Trademark Trial and Appeal Board
Patent and Trademark Office (P.T.O.)
*1 IN RE ATAVIO INC.
Serial No. 74/055,292
November 25, 1992
Peter J. Manso of the firm of Wood, Herron & Evans for applicant.
Trademark Examining Attorney
Law Office 15
(Paul E. Fahrenkopf, Managing Attorney)
Before Sams, Rice and Rooney
Opinion by Rooney
An application was filed to register the term ATAVIO for fashion jewelry. Applicant has alleged a bona fide intent to use the term for the identified goods in interstate commerce. Registration has been finally refused under Section 2(e)(1) of the Trademark Act of 1946 on the ground that the term ATAVIO is merely descriptive of the goods, inasmuch as it is a Spanish word which, in translation, is merely descriptive of applicant's identified goods.
It is well settled that "no distinction can be made between English terms and their foreign equivalents with respect to registrability and that the foreign equivalent of a merely descriptive English term is no more registrable than the English term itself, despite the fact that the foreign term may not be commonly known to members of the general public in the United States". See In re Geo. A. Hormel & Co., 227 USPQ 813 (TTAB 1985); In re Jos. Schlitz Brewing Co., 223 USPQ 45 (TTAB 1983) and cases cited therein; and In re E. Martinoni Company, 189 USPQ 589 (TTAB 1975).
In this case, it is asserted that ATAVIO translates from Spanish to English as "ornament, finery, dress, decoration and adornment" (Cassell's Spanish-English English-Spanish Dictionary 1978) and that "jewelry" is defined as "ornamental pieces (as rings, necklaces, bracelets) made of materials that may or may not be precious (gold, silver, glass, plastic) often set with genuine or imitation gems and worn for personal adornment". (Webster's New International Dictionary, 3d ed.1986) Besides providing the dictionary definitions to support the refusal, the Examining Attorney has submitted copies of excerpted articles from the Lexis/Nexis data base, of which the following are examples:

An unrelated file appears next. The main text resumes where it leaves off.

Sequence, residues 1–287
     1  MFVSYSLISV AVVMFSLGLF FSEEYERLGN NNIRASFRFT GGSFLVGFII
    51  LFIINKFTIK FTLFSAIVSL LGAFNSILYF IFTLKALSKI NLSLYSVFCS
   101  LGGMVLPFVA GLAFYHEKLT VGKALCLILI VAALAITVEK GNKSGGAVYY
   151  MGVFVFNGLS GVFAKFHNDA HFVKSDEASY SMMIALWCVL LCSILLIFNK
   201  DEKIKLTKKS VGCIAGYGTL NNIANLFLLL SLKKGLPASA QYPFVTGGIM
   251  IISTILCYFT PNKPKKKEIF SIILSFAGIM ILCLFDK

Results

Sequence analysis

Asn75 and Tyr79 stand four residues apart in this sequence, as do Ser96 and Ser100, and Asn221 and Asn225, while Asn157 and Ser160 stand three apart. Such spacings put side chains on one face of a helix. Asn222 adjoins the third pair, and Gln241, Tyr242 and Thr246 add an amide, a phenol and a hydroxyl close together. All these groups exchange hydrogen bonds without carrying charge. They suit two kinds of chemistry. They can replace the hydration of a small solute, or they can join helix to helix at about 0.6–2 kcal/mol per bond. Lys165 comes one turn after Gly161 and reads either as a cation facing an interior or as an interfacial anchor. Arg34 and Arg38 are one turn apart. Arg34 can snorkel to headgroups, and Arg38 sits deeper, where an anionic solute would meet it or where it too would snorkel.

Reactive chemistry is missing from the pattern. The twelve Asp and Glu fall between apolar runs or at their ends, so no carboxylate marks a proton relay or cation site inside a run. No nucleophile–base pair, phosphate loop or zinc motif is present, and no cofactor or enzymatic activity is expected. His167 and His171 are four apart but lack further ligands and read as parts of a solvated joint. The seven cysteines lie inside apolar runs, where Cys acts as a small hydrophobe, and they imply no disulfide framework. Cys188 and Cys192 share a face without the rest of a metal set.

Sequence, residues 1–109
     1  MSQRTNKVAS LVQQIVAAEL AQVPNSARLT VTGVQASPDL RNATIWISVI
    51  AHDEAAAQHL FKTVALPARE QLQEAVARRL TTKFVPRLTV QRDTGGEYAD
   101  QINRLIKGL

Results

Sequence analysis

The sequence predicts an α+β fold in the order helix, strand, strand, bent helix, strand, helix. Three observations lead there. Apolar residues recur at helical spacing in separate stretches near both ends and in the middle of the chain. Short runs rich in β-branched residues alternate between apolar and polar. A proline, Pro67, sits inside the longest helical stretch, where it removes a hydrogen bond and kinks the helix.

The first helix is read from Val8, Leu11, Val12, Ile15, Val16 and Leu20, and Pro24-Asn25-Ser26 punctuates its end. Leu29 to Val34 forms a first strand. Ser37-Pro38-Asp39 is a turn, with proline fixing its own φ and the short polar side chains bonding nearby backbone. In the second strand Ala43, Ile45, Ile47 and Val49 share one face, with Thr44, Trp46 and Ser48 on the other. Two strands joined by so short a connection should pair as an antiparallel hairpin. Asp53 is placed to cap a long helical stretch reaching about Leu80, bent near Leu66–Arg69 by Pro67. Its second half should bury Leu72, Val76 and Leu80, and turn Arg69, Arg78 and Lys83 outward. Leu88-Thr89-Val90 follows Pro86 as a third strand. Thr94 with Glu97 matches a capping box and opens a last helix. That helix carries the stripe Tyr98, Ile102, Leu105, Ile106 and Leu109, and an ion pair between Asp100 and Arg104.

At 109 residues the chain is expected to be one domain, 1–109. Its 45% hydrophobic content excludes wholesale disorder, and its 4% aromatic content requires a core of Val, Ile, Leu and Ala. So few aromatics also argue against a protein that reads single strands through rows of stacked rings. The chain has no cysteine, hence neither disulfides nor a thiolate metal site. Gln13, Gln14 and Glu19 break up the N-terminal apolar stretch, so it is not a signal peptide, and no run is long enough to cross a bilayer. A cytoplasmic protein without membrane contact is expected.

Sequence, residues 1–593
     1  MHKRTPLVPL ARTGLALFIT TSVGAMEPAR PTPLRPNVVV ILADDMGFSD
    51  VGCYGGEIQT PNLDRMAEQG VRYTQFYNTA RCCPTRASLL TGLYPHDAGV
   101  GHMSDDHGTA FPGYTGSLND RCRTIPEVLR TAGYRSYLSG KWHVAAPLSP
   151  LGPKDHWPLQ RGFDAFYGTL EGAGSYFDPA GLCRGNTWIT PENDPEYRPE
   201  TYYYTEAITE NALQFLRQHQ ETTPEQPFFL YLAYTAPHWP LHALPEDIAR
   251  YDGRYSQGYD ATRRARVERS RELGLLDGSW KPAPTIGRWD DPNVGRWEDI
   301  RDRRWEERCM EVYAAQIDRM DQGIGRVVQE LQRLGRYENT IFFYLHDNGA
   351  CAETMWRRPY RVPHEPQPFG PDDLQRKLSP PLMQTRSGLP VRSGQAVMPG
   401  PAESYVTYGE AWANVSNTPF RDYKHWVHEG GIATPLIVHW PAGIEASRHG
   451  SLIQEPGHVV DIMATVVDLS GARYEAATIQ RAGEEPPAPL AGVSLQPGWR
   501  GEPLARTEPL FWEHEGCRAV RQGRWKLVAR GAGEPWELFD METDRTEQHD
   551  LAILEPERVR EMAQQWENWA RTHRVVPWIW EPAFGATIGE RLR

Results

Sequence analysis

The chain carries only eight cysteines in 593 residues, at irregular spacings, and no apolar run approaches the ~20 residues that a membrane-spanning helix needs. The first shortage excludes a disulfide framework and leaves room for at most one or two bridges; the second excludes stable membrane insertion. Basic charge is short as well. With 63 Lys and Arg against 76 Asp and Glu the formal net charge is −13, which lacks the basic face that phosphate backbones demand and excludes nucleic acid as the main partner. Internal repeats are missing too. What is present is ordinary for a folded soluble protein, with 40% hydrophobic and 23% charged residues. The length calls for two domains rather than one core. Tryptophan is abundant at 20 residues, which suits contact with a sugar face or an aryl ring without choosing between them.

... Far East. Carved horns are prized as dagger handles by men in the Middle East. Elephant tusks are carved into jewelry and other ornaments.
... "Jewelry in Charleston: Two Centuries of Adornment" is on display at the Charleston Museum ...
... And much new costume jewelry has become better and better, a far cry from the discount-store adornments also available.
Applicant has submitted several translations from Spanish-English or Spanish dictionaries. For example, from Vox New College Spanish and English Dictionary, "atavio m. dress, adornment. 2 pl. finery, adornments"; from The American Heritage Larousse Spanish Dictionary, "a-ta-vi-o m. (adorno) decoration; (vestido) attire/pl. finery, trappings"; from A New Pronouncing Dictionary of the Spanish and English Languages 1973, "Atavio m. The dress and ornament of a person, accoutrement, finery, gear"; and from the Dictionary of the Spanish Language 1970, "atavio m adorno; atavios mpl objetos para adorno". The latter translates to "adornment; objects of adornment". In addition to the foregoing, The Concise American Heritage Larousse Spanish Dictionary 1989 defines "atavio" as "m. (adorno) decoration; (vestido) attire pl. finery, trappings".